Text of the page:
Reviewed: Los Lonely Boys, Golden Smog

The critical take on this week's new albums

Published July 18, 2006 5:50PM (EDT)

Los Lonely Boys, "Sacred"

Proudly hailing from San Angelo, Texas, Los Lonely Boys scored a hit back in 2004 with "Heaven," a sunny soul-pop confection. After two years of hard touring, the band is back with "Sacred." But rather than attempt to recapture "Heaven's" popular success, the band has tried to spread its musical wings. The Austin American-Statesman (rating: 3 stars) describes the new album as being "fuller and meatier," than the band's debut and "so bursting with musicianship that the lyrical clichés are excused."

Los Lonely Boys' musical chops werent enough to win over the Texas Monthly, though, which wrote that on the new album the band has "absolutely nothing new to say," "the blueprints seem worn" and the "clichés are bandied about like trophies." The Monthly was one of the few critical voices to sing an outright note of disappointment. More typical was Billboard, which dug the band's decision to focus on an "organic live sound that showcased their outstanding musicianship" instead of chasing another chart hit. (rating: 4 stars) also brought the praise, even going so far as to mark the San Angelo band as innovators: "Truth be told, it's these guys who are creating a new mainstream Tex-Mex-driven Latin rock & roll that even gringos can cut a rug to."

Golden Smog, "Another Fine Day"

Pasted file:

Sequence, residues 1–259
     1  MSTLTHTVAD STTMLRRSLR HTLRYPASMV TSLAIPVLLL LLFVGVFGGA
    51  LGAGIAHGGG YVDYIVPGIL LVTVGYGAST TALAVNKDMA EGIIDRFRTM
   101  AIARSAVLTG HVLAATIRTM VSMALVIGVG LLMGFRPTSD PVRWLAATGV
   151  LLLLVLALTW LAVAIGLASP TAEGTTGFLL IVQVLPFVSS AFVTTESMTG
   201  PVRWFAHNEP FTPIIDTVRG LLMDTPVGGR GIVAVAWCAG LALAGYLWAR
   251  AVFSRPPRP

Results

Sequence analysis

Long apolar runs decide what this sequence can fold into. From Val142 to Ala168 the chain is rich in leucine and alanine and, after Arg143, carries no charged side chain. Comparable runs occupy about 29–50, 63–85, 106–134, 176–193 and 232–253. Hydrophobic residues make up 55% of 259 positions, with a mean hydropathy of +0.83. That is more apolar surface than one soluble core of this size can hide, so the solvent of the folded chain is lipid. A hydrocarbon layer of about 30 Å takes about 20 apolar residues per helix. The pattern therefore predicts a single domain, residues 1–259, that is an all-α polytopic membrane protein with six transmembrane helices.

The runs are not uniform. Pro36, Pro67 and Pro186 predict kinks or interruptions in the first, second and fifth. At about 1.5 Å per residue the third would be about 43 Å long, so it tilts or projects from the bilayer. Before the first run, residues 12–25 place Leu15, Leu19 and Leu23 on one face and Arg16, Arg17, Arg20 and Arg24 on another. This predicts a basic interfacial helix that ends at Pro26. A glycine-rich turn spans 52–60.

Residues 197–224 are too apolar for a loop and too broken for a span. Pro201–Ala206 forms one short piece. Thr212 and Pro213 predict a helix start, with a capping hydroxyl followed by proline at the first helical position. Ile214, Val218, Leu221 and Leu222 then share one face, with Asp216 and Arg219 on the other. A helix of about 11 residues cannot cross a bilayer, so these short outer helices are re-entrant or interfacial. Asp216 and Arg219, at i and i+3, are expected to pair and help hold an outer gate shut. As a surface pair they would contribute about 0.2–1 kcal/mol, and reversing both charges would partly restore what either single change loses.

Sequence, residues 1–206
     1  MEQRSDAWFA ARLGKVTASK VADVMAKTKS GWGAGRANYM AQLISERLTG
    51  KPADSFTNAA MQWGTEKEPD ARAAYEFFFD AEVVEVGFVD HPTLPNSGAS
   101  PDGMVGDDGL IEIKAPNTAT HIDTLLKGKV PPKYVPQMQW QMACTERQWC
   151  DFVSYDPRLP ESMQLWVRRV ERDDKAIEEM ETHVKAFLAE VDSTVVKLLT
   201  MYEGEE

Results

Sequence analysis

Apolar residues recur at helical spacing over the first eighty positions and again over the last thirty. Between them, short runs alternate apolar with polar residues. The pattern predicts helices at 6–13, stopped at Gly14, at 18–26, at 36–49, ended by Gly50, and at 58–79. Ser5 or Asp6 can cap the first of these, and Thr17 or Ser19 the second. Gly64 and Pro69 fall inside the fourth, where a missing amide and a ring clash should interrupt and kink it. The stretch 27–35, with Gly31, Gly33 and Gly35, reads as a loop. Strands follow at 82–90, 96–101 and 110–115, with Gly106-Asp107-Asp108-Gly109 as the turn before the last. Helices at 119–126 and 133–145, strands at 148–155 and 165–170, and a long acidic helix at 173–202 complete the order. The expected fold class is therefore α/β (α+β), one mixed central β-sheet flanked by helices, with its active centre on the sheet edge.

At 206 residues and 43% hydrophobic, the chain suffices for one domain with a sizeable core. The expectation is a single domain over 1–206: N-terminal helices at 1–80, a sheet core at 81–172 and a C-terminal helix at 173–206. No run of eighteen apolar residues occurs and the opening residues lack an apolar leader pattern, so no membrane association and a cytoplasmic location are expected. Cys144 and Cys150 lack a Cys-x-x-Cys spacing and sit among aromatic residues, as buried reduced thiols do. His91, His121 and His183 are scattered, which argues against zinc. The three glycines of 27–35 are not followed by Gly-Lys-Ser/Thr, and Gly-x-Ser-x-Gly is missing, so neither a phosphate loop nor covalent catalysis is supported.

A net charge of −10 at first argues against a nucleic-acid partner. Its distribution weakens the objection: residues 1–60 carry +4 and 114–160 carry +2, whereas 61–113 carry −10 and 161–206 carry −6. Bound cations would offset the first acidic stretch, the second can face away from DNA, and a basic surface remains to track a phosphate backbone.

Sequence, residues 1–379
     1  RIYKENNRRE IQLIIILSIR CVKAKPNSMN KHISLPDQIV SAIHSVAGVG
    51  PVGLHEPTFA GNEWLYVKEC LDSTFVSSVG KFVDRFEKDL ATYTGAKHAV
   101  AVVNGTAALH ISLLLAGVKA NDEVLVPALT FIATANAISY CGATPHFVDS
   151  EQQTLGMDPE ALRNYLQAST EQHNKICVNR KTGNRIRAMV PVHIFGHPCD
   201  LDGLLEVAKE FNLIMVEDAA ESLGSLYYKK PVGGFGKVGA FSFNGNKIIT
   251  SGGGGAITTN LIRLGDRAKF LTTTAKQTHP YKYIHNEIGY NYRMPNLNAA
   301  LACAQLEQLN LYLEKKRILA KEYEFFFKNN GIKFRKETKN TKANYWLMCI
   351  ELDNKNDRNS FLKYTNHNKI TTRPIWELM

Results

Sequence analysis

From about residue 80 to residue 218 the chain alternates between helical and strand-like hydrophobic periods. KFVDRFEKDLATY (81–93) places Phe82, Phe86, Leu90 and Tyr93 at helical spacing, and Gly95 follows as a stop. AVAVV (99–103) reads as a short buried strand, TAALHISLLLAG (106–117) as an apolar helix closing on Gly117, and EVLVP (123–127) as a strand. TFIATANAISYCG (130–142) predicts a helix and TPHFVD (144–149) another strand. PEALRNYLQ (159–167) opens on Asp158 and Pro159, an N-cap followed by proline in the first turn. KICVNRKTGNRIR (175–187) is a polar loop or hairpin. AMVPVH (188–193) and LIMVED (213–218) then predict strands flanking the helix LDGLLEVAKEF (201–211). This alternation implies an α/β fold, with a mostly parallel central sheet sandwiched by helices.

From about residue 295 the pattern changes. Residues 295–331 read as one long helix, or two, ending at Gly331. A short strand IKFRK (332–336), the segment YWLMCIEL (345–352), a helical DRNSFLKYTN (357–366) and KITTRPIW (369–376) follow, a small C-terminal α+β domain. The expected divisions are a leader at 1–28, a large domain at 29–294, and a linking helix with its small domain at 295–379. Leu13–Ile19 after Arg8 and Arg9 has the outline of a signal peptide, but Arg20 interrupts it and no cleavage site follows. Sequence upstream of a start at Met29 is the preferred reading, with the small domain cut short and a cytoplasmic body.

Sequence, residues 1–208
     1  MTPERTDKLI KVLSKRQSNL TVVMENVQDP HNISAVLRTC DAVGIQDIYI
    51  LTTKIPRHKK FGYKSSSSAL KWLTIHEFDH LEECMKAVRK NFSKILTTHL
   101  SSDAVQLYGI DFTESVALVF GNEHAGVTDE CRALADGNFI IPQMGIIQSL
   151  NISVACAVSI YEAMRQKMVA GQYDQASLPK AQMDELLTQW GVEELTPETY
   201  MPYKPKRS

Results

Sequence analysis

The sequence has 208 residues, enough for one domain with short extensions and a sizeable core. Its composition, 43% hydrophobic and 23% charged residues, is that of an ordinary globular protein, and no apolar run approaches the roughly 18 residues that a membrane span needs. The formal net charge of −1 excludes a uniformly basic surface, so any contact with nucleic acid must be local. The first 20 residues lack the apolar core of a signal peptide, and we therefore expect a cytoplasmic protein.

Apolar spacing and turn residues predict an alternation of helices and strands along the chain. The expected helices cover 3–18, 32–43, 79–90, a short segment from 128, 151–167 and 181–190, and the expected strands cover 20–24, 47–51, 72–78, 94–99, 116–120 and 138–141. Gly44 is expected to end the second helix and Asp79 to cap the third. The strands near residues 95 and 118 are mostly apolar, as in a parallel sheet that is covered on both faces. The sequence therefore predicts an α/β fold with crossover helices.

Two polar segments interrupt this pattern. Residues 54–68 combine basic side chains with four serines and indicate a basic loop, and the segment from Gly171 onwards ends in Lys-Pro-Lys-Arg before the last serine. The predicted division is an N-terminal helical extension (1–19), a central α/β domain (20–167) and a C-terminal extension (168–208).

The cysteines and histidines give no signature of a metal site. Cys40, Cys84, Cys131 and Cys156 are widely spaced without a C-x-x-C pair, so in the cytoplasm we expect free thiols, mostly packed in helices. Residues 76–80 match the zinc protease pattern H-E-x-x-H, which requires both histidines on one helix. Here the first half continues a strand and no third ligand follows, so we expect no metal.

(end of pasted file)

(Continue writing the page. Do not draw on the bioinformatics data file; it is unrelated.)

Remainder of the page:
For a small but devoted segment of music fans, the appearance of "Another Fine Day" comes as big news. Featuring members of Wilco, the Jayhawks and Soul Asylum, Golden Smog is something of an alt-country supergroup -- notwithstanding the fact that the band has moved beyond overtly country-influenced music.

Given its side-project status, the Independent (rating: 3 stars) is pleasantly surprised at "how well [the album] works," and draws comparisons between "Another Fine Day" and "melodic AOR influences" like Crowded House, the Cars, and the Beatles. Also playing spot-the-influence, the Guardian (rating: 3 stars) heard traces of Cheap Trick and Neil Young, but still felt the album came across as "exuding perspiration over inspiration, meaning Golden Smog never entirely equal the sum of their parts."

Time Out Chicago may be guilty of a little local-boy bias (Tweedy is an Illinois native), but it came out in favor of "Another Fine Day," calling the album the band's "most earnest and consistent record by a stretch" and concluding that "Golden Smog isn't just a bunch of guys from great bands; it's finally a great band itself."

Perhaps more reliable is USA Today (rating: 3 stars), whose critic took the middle ground, finding the album both lovable and lamentable: "The material can be spotty, as if some songs are little more than constructs on which to hang the hooks, while others, such as 'Long Time Ago,' a tender song for a little sister, are genuine gems."

-- David Marchese

By Salon Staff

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